As part of an industry built on a foundation of effective communication and influential relationships, salespeople sometimes think of data science as their worst enemy. Data science is often seen as an evil overlord, lurking over reps’ shoulders and reporting back on their every move to their supervisors. And then, of course, there’s the concern that eventually data science and machines will become so advanced that they will replace sales teams in their entirety.
Well, fear not. The truth is that there is no substitute for the human element in sales, and that data science can actually improve reps’ performance, make them more productive and help them develop better relationships with their prospects. As we’ll see, when used correctly, data science can strike an effective balance between helping reps personalize, standardize and automize key actions and activities.
It’s no surprise that people respond better to content and communications when they’re tailored to their personal needs and interests. In fact, a recent study shows that personalized emails deliver 6X higher transaction rates than generic messages; however, the same study also shows that only 30% of companies actually personalize their emails. Hey, nobody said personalization was easy! Companies like PersistIQ are leading the way as they’re encouraging reps to pump the brakes with automation and bring the human element back to sales.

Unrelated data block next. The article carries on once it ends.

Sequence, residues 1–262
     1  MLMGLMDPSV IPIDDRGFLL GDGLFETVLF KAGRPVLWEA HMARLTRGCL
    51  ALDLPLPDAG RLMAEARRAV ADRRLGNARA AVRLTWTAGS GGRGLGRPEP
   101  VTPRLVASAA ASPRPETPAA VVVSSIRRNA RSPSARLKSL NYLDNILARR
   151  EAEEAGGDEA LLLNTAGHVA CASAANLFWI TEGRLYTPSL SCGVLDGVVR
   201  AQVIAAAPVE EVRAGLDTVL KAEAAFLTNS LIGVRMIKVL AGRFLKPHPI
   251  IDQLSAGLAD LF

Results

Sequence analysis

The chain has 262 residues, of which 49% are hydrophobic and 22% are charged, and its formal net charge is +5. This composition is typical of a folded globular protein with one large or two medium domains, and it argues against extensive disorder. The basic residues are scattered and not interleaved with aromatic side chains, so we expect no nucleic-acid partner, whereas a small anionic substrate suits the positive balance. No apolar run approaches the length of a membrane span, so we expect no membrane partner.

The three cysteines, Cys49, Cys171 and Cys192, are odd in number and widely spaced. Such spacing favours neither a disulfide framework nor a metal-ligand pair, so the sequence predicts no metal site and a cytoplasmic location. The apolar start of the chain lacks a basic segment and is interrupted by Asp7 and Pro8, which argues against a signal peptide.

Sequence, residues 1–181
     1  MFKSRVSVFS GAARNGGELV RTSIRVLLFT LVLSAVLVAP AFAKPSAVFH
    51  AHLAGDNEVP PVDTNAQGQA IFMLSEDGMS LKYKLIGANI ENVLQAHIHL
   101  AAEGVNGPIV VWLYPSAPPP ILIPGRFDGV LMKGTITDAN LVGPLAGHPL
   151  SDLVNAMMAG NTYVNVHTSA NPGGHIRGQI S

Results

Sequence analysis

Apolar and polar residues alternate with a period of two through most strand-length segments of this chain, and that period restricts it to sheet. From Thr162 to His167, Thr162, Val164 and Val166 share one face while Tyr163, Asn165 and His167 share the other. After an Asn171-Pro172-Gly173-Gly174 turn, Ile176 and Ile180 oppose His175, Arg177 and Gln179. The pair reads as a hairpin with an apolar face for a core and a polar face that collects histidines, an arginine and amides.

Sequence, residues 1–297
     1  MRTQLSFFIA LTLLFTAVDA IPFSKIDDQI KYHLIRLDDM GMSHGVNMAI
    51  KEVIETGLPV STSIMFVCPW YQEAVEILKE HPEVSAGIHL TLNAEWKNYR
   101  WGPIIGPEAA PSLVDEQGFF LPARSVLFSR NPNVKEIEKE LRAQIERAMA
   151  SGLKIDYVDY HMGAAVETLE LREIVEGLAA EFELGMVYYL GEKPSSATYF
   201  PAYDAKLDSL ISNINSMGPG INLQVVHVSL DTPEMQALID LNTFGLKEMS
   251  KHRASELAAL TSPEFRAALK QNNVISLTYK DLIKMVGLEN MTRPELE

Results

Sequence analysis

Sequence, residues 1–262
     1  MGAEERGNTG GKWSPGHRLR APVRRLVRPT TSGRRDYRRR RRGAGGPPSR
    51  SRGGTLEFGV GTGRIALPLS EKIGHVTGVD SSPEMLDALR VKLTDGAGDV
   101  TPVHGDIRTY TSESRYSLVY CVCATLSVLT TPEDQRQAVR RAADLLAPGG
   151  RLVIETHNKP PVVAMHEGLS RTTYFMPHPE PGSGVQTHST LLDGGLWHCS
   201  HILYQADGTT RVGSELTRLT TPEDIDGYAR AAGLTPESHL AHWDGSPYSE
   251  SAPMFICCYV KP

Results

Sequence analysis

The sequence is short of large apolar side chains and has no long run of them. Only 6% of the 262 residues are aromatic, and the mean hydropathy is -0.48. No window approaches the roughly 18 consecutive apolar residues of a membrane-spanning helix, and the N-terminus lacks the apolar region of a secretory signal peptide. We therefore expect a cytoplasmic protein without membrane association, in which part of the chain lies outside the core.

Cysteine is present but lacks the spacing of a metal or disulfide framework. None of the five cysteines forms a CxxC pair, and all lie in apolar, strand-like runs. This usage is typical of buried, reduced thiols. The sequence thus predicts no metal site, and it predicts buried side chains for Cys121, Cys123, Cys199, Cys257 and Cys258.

One of the biggest roadblocks when it comes to personalization in sales is the time it takes reps to research a prospect and tailor each piece of individual communication. What’s more, data by nature is messy and more often than not is spread across various disparate systems within a single organization, making it difficult to get a complete, consolidated view. Enter data science.
New technologies and tools are emerging every day that make it easy for reps to learn about their prospects and reach out with personalized messages. Take MadKudu, for example, a company that monitors prospects’ in-app behavior and gives reps a detailed breakdown of their free trial usage. Having this kind of information makes all the difference between sending an email like this:
Or like this:
Data science also helps to give reps a full picture of prospect and customer activities and interactions by merging information from across company platforms. This single view can highlight otherwise unseen opportunities for customized outbound sales and better-informed communications. For instance, with the new Base and Zendesk integration, sales reps can view customers’ open and past Zendesk tickets directly within Base’s contact and deal cards. This single view ensures that reps are not reaching out to customers for upsells in the middle of a support issue.